There It Is!: The Japanese Verb Aru(ある) : So, are you ready to be a master of Japanese? Well, after today’s lesson you’ll be one step closer! Today, we’re going to study “Aru(ある)” and learn the ins and outs of one of the most important verbs in the Japanese vernacular.
There It Is!: The Japanese Verb Aru(ある)
There are two verbs that mean “to be” in Japanese. They are aru and iru. Aru(ある) is used for non-living things (plants, objects, ideas, etc.). Iru is used for living, breathing things (people, animals, etc.) and things with a notable life force within them. Today, however, we will only focus on aru and its three main uses: to express existence, possession, and a present state of being.
Aru(ある): To Exist
In its most basic form, Aru(ある) means simply “to be” or “to exist.” Remember, only use aru for non-living things; such as, objects or plants. The dictionary form aru is used in casual situations, and arimasu is used in polite situations.
Hana ga aru.
(There is a flower.)
Terebi ga arimasu.
(There is a TV.)
Hon ga aru.
(There is a book.)
When we want to express that something is not there, we use the negative form of Aru(ある), which is nai. In formal situations, the negative form of arimasu is arimasen.
Ki ga nai.
(There are no trees.)
Tōsutā ga arimasen.
(There is no toaster.)
Sumaho ga nai.
(There is no smartphone.)
When using the past tense, Aru(ある) becomes atta, and arimasu becomes arimashita.
Kasa ga atta.
(There was an umbrella.)
Shorui ga arimashita.
(There was a document.)
Suihanki ga atta.
(There was a rice cooker.)
When using the past tense in the negative form, atta becomes nakatta, and arimashita becomes arimasen deshita.
Rajio ga nakatta.
(There was no radio.)
Ongaku ga arimasen deshita.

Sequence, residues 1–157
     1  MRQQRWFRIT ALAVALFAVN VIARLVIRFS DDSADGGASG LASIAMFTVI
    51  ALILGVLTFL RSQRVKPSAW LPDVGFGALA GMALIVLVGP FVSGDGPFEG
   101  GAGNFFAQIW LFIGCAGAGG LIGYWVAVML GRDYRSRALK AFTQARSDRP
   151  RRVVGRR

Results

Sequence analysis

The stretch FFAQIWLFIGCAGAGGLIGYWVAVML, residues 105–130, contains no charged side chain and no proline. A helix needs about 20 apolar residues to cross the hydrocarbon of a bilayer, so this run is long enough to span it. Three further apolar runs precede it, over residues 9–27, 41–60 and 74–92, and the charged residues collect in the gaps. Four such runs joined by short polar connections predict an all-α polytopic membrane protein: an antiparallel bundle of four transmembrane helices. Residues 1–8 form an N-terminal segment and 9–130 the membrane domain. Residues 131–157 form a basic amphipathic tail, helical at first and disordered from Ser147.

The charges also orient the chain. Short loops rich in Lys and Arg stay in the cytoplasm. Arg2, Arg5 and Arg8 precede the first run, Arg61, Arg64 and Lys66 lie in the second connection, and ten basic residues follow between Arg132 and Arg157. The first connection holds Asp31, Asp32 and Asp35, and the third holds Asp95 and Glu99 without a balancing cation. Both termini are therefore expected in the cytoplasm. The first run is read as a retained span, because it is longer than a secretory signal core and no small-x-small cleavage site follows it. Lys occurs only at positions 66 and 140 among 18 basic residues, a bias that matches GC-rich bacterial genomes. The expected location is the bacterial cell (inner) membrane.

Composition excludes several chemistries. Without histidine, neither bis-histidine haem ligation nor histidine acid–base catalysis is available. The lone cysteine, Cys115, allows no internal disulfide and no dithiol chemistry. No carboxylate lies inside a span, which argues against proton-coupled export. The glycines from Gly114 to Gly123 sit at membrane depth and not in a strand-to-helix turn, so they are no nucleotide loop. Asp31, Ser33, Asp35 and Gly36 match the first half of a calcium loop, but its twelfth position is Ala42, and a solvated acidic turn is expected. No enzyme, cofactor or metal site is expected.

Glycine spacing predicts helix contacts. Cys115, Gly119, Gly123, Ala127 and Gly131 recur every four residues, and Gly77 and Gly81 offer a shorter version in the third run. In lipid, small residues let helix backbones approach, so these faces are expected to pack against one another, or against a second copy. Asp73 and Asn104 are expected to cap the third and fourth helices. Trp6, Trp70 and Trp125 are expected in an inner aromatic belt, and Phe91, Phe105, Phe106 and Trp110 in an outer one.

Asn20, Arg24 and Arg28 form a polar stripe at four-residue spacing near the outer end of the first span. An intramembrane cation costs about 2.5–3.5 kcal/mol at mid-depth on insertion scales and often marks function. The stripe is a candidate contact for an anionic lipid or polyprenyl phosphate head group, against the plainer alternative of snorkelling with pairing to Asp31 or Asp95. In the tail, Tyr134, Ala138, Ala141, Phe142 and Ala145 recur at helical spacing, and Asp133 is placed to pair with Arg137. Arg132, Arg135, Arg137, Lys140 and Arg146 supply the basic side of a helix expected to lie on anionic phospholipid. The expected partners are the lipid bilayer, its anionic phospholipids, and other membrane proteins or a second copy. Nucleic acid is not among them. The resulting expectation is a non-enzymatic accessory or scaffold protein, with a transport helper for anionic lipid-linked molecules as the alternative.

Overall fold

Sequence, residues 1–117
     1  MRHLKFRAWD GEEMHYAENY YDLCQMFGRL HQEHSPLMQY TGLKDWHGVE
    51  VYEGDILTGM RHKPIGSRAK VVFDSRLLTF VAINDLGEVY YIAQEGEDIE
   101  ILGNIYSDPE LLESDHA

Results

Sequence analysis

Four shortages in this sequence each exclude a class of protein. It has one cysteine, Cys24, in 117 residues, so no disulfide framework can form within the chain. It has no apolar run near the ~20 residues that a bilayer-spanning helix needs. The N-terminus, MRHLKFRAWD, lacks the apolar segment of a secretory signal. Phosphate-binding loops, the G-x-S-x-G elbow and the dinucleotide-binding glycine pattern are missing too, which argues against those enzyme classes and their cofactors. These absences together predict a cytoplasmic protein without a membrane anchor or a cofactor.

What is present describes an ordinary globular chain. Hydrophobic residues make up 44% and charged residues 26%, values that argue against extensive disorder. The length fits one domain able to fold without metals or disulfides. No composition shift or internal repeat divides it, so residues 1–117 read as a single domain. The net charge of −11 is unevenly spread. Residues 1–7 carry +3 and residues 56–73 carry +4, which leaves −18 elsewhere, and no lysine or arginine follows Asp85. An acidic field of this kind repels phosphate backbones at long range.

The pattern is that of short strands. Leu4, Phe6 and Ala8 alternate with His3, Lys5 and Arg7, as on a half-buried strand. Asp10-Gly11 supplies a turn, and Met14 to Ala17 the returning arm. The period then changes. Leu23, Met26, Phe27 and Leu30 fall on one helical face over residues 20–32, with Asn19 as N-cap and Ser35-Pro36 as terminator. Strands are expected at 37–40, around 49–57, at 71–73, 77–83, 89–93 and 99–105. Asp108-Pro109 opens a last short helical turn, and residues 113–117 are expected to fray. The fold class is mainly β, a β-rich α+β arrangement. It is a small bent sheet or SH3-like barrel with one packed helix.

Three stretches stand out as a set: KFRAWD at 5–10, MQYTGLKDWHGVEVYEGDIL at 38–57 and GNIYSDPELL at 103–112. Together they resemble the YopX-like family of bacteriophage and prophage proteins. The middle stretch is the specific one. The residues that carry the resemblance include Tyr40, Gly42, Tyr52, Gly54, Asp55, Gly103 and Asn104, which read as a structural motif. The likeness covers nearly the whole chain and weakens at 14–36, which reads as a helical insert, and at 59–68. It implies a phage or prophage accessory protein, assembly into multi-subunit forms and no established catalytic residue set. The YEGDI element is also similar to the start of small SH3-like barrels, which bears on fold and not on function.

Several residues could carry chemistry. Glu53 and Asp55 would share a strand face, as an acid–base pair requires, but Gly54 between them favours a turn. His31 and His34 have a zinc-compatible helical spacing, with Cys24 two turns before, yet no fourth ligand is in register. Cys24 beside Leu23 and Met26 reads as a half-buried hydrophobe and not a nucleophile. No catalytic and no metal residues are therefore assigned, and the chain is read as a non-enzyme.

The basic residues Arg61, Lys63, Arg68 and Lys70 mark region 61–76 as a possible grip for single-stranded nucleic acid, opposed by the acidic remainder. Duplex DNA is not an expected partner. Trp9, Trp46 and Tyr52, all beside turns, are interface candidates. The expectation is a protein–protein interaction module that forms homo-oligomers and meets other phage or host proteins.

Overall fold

(There was no music.)
Oto ga nakatta.
(There was no sound.)
Another common use of Aru(ある) is to state where something is (or isn’t).
Zasshi wa tēburu no ue ni aru.
(The magazine is on the table.)
Nihon wa ajia ni arimasu.
(Japan is in Asia.)
Reizōko no naka ni wa kechappu ga nakatta.
(The ketchup wasn’t in the refrigerator.)
Isu no shita ni wa kyōkasho ga arimasen deshita.
(There was no textbook under the chair.)
BONUS: A common exclamation the Japanese make when they’ve been searching for something (e.g. a missing earring, car keys, etc.) and suddenly find it is, “Atta!” It literally translates to “It was there,” but the meaning is more along the lines of “Here it is!”
A: Kuruma no kī wa doko ni oita no ka wakaranai. (I don’t know where I put those car keys.)
B: Atta! Sofa no kusshon no aida ni atta! (I found them! They were between the sofa cushions!)
Aru(ある): To Possess
Aru(ある) can also be used to express possession. The same rule above applies here as well: aru can only be used when talking about non-living things.
Boku ni wa nagai kami no ke ga aru.
(I have long hair.)
Honda-san ni wa kuruma ga nai.
(Mr. Honda doesn’t have a car.)
Ano bā ni wa bīru no shurui ga ippai arimasu.
(That bar has many kinds of beer.)
Kono onsen ni wa rotenburo ga arimasen.
(This hot spring has no outdoor bath.)
Kare ni wa senshū jugyō ga nakatta.
(He had no classes last week.)
Ano tatemono ni wa jimusho ga takusan arimashita.
(That building had many offices.)
Kafe ni wa kōhī ga nakatta.
(The cafe had no coffee.)
Sono daidokoro ni wa kaden ga amari arimasen deshita.
(That kitchen didn’t have many electrical appliances.)
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-Te Aru(てある): A Present State of Being
When added to the -te form of a verb, Aru(ある) becomes an auxiliary verb that expresses a present state of being that is the result of a previous, deliberate action. Remember, when using the -te aru form, the subject of the sentence must be a nonliving thing and the verb must be transitive (i.e. a verb that needs a direct object.)
Denki ga tsukete aru.
(The lights have been turned on.)
Kagami ni shashin ga hatte arimasu.
(Pictures have been put on the mirror.)
Bunshō ga kokuban ni kaite arimasu.
(The sentence has been written on the chalkboard.)
Sentakumono ga aratte aru.
(The laundry has been washed.)
Now that you’ve learned the three different uses of the verb aru, it’s time to get out there and practice! Tell a Japanese speaker that you have a new iPhone, or that there is a pizza box on the table! Also, try using the -te aru form. Tell someone that the lights have been turned off or that the dishes have been washed! It may sound kind of strange now, but once you get the hang of aru, you will be using it much more than you thought!